Copyright © 2019 Burnham-on-sea Woodturning Club

Burnham-on-sea          Woodturning Club

Meeting Reviews

October 2019 - Liz Kent

September 2019 - John Blake

August 2019 - Sandra Adams

July 2019 - Chris Foweraker

June 2019 - Paul Sweet

May 2019 - George Foweraker

April 2019 - Bryan Milham

March 2019 - Mark Sanger

February 2019 - George Foweraker

January 2019 - Paul Sweet

November 2018 - Jason Breach

October 2018 - Colwin Way

September 2018 - John Blake

August 2018 - Paul Sweet

July 2018 - Mark Sanger

June 2018 - John Lancaster

April 2018 - Liz Kent

March 2018 - Paul Hannaby

January 2018 - George Foweraker

November 2017 - Jason Breach

October 2017 - Tony George

September 2017 - Bryan Milham

September 2017 - AWGB

August 2017 - Mark Hancock

June 2017 - John Aitken

April 2017 - Chris Foweraker

March 2017 - Mark Sanger

February 2017 - George Foweraker

January 2017 - Paul Sweet

November 2016 - Jason Breach

October 2016 - Bryan Milham

September 2016 - Mark Sanger

August 2016 - Keith Fenton

July 2016 - George Foweraker

June 2016 - Chris Foweraker

June 2016 - Stuart Mortimer

April 2016 - Pete Moncrieff-Jury

March 2016 - Mark Sanger

February 2016 - Ray Blake

January 2016 - George Foweraker

December 2015 - Nick Agar

November 2015 - Paul Hannaby

October 2015 - George Foweraker

September 2015 - Mark Sanger

August 2015 - Jason Breach

July 2015 - Chris Foweraker

June 2015 - Nick Agar

April 2018 - Liz Kent

This evening we welcomed Liz Kent to our club for the first time. She recently achieved deserved praise for having one of her pieces selected for the Turnabout: Women at the Lathe Exhibition in America. The exhibition features twenty six exhibits, a mix of invited and juried pieces. Her bowl is one of eleven juried pieces selected from a total of sixty two which were submitted. There will be three exhibitions from January to the end of October. This and other examples of work can be viewed on her website.

Liz’s demonstration focused on methods she used to achieve the very attractive carved design on her award winning ash bowl, her favourite wood owing to the interesting grain patterns.

Starting with a pre-prepared ash blank Liz turned the base of the bowl using the standard method of truing up the outside and front faces, creating a spigot to fit the C Jaws, and then shaping the underside of the bowl using a series of push and pull cuts with a bowl gouge, finally sanding to 320 grit followed by 50/50 cellulose sanding sealer.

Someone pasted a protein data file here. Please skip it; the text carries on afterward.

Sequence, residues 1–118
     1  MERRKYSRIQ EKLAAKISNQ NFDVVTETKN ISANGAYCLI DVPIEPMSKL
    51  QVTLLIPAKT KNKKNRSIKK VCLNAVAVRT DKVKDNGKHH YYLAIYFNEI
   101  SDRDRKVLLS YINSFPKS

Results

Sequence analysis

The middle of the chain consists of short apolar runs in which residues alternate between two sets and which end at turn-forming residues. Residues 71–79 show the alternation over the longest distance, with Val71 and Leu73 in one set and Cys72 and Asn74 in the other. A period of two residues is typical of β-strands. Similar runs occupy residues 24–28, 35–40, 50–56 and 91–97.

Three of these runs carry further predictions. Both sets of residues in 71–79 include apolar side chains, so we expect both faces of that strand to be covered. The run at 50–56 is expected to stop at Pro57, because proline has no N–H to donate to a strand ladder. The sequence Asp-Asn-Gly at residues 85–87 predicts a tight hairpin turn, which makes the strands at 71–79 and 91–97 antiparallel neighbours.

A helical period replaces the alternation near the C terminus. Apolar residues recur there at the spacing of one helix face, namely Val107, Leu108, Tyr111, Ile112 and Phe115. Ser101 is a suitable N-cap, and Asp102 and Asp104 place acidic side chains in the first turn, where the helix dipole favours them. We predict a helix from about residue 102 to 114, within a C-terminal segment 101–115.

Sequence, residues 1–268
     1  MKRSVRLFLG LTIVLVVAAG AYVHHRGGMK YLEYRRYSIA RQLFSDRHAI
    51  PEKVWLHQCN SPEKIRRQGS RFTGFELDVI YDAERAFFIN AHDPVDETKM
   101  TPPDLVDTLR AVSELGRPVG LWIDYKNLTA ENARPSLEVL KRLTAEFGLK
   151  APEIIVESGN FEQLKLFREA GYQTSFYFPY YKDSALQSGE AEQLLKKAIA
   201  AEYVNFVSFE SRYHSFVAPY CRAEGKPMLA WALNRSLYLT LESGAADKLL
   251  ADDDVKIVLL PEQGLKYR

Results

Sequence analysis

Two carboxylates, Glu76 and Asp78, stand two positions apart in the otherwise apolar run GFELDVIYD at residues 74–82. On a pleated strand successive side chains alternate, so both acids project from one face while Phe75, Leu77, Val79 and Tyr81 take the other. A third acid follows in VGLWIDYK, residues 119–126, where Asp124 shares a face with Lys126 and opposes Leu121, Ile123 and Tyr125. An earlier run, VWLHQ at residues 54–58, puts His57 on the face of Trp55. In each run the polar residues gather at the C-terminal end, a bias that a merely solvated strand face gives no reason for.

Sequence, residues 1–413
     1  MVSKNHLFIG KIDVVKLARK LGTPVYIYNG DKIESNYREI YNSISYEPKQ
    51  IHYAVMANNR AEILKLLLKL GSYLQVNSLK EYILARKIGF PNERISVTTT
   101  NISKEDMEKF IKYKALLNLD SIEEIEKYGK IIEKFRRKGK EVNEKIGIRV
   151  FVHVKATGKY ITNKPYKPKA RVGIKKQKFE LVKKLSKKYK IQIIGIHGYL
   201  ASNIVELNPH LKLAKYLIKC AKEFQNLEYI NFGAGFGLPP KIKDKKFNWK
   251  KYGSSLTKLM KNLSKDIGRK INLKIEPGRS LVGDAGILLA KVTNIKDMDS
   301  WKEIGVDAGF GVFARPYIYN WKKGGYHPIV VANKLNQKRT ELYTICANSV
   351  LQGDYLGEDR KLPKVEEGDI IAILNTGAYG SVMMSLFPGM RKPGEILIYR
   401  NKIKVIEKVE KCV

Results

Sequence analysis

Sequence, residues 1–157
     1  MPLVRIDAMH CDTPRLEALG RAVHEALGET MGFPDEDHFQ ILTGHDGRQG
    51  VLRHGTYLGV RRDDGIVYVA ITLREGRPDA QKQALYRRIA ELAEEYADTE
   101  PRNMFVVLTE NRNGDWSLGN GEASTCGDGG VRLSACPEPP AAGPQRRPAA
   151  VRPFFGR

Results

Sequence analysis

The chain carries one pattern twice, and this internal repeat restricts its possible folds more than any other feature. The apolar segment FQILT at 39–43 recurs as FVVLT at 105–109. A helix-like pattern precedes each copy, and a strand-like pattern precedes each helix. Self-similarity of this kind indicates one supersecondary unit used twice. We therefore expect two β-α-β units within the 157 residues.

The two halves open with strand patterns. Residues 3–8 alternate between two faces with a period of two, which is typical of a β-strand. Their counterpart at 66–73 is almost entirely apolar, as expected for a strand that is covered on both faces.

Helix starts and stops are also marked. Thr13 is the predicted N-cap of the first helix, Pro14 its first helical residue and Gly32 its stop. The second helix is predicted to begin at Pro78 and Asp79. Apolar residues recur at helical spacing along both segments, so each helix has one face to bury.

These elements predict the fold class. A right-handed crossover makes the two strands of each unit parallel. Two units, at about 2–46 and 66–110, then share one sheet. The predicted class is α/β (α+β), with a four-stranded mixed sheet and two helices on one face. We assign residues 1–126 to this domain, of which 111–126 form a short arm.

Top Tip 1 - using sanding sealer at this stage prevents any overspill of colour when painting the top surface soaking into the underside.

Remounting to the C Jaws using the spigot, the small faceplate was removed, the front face trued up, the centre marked and then part hollowed out, before finally checking the piece was square across and sanding.

Liz then moved on to creating the design by first mounting a Simon Hope carving jig in the tool rest and then removing the chuck from the lathe and fitting it into the jig where the reference lines for the carving could be marked using a template that Liz had created …

Having marked the lines it was then possible to hand draw the curved lines which were then carved out using a Proxxon mini-grinder …

After cutting the grooves using a tungsten carbide disk the edges on one side where ‘softened’ using a sanding disk and then finally the swarf was removed using a bristle brush attachment. Five points were marked on the circumference and the 5 sets of curved lines marked, cut,  sanded, a cleaned up in a similar fashion before lightly scorching, cleaning with a Liberon brush and then thoroughly painting the complete rim with 2 coats of “Artiste” black acrylic paint …

The next step was to create, in this case, the green metallic effect. Using cheap makeup brushes off eBay Liz put a dab of green metallic paint on a brush and wiped most of it off before lightly dusting the whole of the rim in a similar way to an artists dry brush technique. Silver was then added in a similar way. The rim was then sealed with cellulose sanding sealer spray or gently rubbed ordinary fine paste wax in order to prevent dust settling in the grooves when the inner bowl is turned.

The inner bowl was then carefully turned with a bowl gouge and sealed, ensuring the sealer did not extend over into the rim as it would possibly remove some of colour.

The inner bowl was polished with micro-crystalline wax, but ordinary fine paste wax applied with a tooth brush was used for the rim as microcrystalline wax leaves small white marks in the grooves when it dries out. Finally the whole top was polished up using an old T-shirt which was kinder to the surface than using conventional cloths.

Some other examples of similar bowls are shown below …

We all agreed that the finished bowls are stunning and our thanks go to Liz for showing us how to make them, and congratulations again for her well deserved award.

David Langan